The Museum of the History of Medicine in Paris is an opportunity to dive into the fascinating world of medicine, an unusual outing in the heart of Paris.

museum medicine

Instruments used in the care of Louis XIV

Inaugurated in the mid-1950s, the medical museum was initially accessible to professors and students of the Faculty of Medicine only. It finally opened its doors to the general public in 1994. Its collections, the oldest in Europe, were brought together by Dean Lafaye in the 18th century, then an important set of pieces was added which covers the different branches of surgical art until the end of the 19th century. . In particular, there are instruments used in the care of Louis XIV, as well as a few rare medical and surgeons’ kits or even physiology instruments. The collections of the museum (the oldest in Europe), are presented in a very beautiful room built between 1905 and 1907, in a wing of the building added by the architect Ginain to the « Collège de Chirurgie », one of the most beautiful buildings built in the 18th century by the architect Jacques Gondoin.

museum medicine

Surprisingly beautiful

It is medicine combined with the past that is shown here, the evolution of its techniques over the ages: its windows are thus full of rare pieces, often surprisingly beautiful, which evoke medicine for the visitor frightened by the sight of a needle. closer to sadistic torture than loving care. From the start of the stroll under the superb glass roof of the museum, through display cases mounted on fine woodwork, we quickly understand that in the Middle Ages and for many years, the priorities of medicine were not really the same as ‘today. The first displays show us collections of saws and instruments needed to perform amputations, the precision and efficiency of which have fortunately improved over time. Serious war wounds and advanced stage infections without known treatment often required the outright cutting of the limb to avoid intolerable suffering and contamination of the rest of the body. The beauty and hideousness of anatomy, the ravages of illness and the faces of death… Embark on our series on places of medical curiosities in Paris, for a journey strewn with as much unsuspected splendor as horrific visions. First stop: the Museum of the History of Medicine, a small establishment with a well-kept secret.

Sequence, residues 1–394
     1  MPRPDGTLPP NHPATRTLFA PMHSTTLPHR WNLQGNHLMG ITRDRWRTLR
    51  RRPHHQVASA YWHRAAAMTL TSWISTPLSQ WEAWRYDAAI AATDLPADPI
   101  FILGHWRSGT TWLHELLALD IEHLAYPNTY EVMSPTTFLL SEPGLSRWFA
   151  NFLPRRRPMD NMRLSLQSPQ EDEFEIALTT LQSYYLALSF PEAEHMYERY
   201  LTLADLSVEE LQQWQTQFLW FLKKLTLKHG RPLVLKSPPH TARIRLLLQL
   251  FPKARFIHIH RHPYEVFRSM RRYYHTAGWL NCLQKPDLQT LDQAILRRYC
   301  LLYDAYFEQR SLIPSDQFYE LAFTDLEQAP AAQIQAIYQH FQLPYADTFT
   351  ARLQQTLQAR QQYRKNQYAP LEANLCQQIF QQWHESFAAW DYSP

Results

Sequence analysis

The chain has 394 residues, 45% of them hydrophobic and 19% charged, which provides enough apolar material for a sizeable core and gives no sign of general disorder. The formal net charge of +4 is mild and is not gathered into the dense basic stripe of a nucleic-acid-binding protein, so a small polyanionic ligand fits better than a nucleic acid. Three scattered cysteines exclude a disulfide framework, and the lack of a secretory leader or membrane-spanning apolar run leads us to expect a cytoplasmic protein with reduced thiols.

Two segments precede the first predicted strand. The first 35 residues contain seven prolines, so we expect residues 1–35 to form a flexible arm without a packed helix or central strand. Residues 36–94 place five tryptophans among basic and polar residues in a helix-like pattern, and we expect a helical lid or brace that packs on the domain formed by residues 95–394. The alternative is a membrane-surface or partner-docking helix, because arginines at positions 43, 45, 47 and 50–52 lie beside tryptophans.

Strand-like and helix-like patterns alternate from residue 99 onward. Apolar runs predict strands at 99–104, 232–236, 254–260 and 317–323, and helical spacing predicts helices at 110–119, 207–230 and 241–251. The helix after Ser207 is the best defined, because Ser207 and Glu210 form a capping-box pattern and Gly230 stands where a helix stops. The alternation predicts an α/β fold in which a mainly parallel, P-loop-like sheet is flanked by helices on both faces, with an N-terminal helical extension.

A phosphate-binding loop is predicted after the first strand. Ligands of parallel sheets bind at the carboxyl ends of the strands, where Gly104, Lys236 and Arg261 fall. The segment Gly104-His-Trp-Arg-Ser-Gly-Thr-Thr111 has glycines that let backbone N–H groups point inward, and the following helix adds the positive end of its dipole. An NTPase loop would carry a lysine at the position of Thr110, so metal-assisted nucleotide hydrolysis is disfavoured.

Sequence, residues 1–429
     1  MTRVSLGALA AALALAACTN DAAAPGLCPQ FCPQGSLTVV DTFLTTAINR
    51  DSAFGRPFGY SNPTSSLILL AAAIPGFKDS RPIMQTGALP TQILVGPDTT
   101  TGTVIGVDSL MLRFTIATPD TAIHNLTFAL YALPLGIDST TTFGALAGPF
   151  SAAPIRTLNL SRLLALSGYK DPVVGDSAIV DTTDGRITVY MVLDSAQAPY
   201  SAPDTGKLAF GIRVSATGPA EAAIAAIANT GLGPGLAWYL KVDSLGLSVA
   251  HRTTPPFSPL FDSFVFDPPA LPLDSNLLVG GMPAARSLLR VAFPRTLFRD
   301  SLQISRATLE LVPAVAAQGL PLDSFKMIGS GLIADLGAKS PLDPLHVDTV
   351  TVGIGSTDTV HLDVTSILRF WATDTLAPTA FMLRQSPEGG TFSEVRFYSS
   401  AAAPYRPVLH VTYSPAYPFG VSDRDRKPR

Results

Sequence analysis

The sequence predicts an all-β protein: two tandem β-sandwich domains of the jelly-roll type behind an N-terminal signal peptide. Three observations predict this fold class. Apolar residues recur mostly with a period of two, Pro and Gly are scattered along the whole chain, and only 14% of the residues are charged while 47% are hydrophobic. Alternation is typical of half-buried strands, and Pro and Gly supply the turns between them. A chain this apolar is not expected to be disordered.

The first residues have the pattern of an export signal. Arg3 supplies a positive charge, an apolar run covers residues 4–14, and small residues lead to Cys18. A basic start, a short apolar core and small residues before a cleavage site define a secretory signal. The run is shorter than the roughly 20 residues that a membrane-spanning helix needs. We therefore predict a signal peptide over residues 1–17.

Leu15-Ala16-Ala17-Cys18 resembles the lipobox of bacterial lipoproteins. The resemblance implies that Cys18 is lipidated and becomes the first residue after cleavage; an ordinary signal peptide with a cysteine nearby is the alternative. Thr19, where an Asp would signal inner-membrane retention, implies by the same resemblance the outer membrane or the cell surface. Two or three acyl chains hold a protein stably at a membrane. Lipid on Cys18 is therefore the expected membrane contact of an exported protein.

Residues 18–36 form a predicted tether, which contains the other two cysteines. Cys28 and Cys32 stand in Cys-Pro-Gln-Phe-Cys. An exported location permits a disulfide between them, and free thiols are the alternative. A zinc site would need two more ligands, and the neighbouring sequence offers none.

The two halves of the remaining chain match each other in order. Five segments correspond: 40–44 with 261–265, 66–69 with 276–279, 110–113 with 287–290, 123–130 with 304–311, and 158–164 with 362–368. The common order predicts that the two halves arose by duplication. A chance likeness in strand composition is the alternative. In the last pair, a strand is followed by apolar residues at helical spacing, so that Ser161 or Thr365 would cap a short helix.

Close to sadistic torture

Above all in a hurry to admire the Chronicles of embalming exhibition, we discovered a magnificent place nestled since 1971 in the heart of the former Faculty of Medicine, between its massive columns and under its vaults which dominate you with their two hundred years of ‘age. It is medicine combined with the past that is shown here, the evolution of its techniques over the ages: its windows are thus full of rare pieces, often surprisingly beautiful, which evoke medicine for the visitor frightened by the sight of a needle. closer to sadistic torture than loving care. From the beginning of the wandering under the superb glass roof of the museum, over the display cases mounted on fine woodwork, we quickly understand that in the Middle Ages and for many years (which above all must have seemed very long to the patients of the time ), the priorities of medicine were not really the same as today. The first displays show us collections of saws and instruments needed to perform amputations, the precision and efficiency of which have fortunately improved over time. Serious war wounds (if the amputation was accomplished by an enemy sword, tools can « make a beautiful stump » as a sign nicely states), and advanced infections without known treatment, indeed often required the pure and simple cutting of the limb to avoid intolerable suffering and contamination of the rest of the body.

An unusual outing

Another pastime obviously very popular with the doctors of the time, the good old trepanation, very clearly the fact of drilling a hole in the cranium of a consenting individual. Again, many utensils have been created and perfected over the years, but what is striking is the refinement brought to the making of real trepanation kits, the gleaming tips perfectly aligned in boxes lined with velvet. The pubic region was also at the center of all attention, very vulnerable to disease and various pathologies among our ancestors.

Le musée de la medecine

12 rue de l’Ecole de Médecine, 75006 Paris

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